For boys, at least, some things haven’t changed since the Stone Age.
Caveboy Trog has the best toys—a stick, a rock, a patch of mud—but they’re all instant (pre-) history when he comes upon a crocodilian “PUPPY!” and drags it home by its red-and-green–striped tail. “GOOD PUPPY!” he shouts, even when the new arrival chows down on the (stone) sofa and bed, eats the (stone) dinnerware as well as everyone’s dinner, and makes “a boo boo” on the floor (“ BAD POOPY!” chorus his less-than-enthusiastic parents). The puppy, however, does not share Trog’s joy in its new home and mopes (when it’s not eating). Despite Trog’s best efforts to distract his buddy, the puppy cries. Why? Trog finally gets a clue when a humongous version of the puppy arrives to carry its unhappy offspring back to the swamp. No more tears! Has Trog learned a lesson? Not hardly, as he’s last seen racing home with a grip on the tail of an annoyed, elephant-sized (wait for it) “KITTY!” Graves presents the tale in big, sequential panels of simply drawn cartoons, with dialogue in balloons and sound effects as outsized as Trog’s not-exactly-domesticated companions. Trog is depicted with white skin, an impressive mop of blond hair, and a one-armed fur onesie.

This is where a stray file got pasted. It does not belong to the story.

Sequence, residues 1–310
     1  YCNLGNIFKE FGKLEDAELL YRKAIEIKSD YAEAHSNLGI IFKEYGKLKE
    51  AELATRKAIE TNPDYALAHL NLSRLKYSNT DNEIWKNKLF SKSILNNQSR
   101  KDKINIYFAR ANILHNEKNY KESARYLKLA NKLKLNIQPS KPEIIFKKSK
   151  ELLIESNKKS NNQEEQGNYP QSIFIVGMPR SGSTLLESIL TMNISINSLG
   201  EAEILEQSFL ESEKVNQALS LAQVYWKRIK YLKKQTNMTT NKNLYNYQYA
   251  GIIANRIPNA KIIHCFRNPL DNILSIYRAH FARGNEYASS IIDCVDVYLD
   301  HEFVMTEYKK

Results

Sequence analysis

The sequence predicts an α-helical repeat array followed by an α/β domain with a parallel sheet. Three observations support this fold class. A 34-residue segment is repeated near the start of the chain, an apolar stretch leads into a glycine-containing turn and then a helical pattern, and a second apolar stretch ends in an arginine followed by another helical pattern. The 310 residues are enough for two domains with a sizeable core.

Not so different from having a “puppy” of the canine sort. Except for the stripes. And the impressive teeth. (Picture book. 6-8)